• Tax-the-rich socialists. These people are killing the great job-creating mechanisms that fueled America’s greatness and quality of life, a beacon in the world. If government is going to penalize the risk takers and investors by taxing away the fruits of successful capitalism, too few will expose their own capital to the risk of building innovative companies that employ large numbers of people.
  • “It Takes A Village” Multi-culturalists. These people have barged their way into the ranks of the stupid in recent years by insisting that cultural diversity has no dark side and by denying the truths of human nature and its tribal ways. Powerful tribal coteries can rip a country apart, trampling on minority groups’ rights and sometimes slaughtering religious or political opponents. Stupid multiculturalists are prattling on that there is no danger allowing 10,000 Syrian refugees into this country, relying on Obama’s ineffective vetting system. Every single day, Islamists attack somewhere.
  • Spoiled brat college students. Too many college students enter stupidhood by taking college majors that offer little chance of good jobs that produce livable wages. Their participation-trophy childhoods push them toward wanting to be shielded from competition and “micro-aggressions”. These naïve, pampered college students think it’s more fun to play the victim and stage protests, than the hard work of solving problems. Well, you’re not a victim, you’re a psychological problem who wants to be handed a free education. Get over it.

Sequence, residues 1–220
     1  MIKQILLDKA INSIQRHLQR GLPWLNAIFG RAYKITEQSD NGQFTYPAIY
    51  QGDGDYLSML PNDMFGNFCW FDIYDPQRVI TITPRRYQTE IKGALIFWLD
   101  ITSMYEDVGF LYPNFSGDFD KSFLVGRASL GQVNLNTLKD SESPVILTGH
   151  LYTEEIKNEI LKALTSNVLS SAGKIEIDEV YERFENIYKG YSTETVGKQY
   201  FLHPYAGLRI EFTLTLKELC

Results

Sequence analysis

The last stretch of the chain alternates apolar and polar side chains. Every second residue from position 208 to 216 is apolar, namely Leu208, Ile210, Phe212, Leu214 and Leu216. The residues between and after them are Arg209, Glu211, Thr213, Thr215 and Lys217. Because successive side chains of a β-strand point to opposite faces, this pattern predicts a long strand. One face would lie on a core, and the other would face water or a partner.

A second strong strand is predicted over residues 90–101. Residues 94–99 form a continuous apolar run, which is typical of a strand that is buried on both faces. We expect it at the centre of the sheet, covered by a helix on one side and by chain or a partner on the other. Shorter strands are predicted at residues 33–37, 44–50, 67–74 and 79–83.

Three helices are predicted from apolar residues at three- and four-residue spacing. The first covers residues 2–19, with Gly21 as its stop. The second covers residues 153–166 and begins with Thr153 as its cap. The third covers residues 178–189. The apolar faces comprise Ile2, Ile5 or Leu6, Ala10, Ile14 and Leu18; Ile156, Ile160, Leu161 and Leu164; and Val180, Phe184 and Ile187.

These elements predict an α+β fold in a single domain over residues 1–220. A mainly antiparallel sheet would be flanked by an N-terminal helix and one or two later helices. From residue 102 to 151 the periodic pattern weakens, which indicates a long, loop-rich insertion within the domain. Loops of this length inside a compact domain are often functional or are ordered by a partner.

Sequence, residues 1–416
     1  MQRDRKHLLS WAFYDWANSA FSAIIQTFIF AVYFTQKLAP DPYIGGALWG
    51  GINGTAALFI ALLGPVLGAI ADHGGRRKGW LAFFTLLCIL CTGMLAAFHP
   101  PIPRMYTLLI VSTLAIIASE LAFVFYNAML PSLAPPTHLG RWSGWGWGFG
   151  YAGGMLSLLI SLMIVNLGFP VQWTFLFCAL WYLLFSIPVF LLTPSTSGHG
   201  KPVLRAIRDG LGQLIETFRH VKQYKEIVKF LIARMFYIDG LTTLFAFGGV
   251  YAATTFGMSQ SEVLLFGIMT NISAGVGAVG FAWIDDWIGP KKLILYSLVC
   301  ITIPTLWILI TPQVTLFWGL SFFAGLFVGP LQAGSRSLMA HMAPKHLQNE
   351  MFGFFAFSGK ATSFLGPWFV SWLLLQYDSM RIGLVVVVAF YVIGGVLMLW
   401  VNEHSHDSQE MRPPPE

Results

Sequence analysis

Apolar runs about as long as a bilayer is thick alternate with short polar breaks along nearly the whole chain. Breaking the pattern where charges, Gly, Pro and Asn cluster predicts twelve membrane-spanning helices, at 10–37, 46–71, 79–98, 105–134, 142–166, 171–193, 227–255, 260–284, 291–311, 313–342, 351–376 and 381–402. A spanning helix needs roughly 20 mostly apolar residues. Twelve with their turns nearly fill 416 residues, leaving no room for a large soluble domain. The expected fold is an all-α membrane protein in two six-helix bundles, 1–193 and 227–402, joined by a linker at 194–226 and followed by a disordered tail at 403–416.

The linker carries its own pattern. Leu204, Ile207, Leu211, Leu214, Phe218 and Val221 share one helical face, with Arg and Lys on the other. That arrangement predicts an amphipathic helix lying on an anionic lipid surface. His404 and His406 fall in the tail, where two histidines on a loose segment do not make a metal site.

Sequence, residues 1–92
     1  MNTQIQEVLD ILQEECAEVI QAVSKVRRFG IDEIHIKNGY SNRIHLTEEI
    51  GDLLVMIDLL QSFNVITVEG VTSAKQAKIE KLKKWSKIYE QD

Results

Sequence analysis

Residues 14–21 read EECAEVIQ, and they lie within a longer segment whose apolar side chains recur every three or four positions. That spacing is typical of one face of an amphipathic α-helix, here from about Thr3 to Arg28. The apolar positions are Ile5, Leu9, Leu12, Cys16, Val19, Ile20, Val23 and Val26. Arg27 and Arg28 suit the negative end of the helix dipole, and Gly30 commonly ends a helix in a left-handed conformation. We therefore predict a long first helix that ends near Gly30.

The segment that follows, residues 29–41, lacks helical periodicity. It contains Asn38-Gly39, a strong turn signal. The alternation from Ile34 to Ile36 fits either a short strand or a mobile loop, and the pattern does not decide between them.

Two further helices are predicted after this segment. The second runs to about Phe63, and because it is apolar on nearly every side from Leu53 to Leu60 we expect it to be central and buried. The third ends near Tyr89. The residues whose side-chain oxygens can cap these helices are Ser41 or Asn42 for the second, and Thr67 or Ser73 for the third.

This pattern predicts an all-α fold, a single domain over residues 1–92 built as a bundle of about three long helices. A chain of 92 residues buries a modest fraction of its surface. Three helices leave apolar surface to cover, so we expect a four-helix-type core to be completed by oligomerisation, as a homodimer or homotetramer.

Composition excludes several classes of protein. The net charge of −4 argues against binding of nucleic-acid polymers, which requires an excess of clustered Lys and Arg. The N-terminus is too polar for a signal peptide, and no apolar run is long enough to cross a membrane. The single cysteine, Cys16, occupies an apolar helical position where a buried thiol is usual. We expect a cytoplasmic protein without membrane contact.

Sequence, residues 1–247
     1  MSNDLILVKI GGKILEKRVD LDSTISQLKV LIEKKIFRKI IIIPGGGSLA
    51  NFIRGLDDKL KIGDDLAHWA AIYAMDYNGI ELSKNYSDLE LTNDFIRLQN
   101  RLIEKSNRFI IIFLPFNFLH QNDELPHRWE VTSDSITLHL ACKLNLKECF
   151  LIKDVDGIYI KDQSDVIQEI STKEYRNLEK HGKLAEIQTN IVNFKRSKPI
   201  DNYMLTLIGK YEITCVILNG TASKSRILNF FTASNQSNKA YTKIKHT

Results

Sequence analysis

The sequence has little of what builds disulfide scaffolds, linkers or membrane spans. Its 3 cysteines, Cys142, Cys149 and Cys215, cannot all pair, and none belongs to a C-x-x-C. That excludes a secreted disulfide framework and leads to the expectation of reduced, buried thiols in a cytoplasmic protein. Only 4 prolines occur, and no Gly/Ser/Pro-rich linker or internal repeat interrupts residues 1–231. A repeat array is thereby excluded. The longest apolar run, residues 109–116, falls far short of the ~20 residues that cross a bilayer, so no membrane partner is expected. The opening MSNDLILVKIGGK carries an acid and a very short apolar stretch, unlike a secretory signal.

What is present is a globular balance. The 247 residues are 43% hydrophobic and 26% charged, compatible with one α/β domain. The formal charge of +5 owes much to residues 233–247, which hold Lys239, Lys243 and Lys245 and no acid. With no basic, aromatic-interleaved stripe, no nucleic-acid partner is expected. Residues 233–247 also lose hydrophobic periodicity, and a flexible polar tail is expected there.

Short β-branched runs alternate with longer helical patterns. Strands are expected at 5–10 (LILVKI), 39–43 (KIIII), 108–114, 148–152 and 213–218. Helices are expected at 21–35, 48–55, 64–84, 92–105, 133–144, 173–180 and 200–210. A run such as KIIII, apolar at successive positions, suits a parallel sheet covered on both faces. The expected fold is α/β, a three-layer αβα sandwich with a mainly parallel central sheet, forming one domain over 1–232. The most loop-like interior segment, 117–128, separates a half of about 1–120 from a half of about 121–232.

Quibbles are possible, but these people afflict America. Mainstream media culprits often are reluctant to expose stupid and politically correct people, because they frequently espouse such media’s political agenda.  Worse, in too many instances the media won’t reveal the facts that prove stupid people are stupid.

Monday, August 1, 2016

Does the First Amendment Protect Warrior Religions? - Crisis Magazine

Does the First Amendment Protect Warrior Religions? - Crisis Magazine:
After every Islamic terrorist attack, whether in Europe or the U.S., people ask what can be done to prevent it from happening again. But when the obvious solutions are proposed, they are invariably met with the objection that “you can’t do that,” or “that’s unconstitutional,” or words to that effect.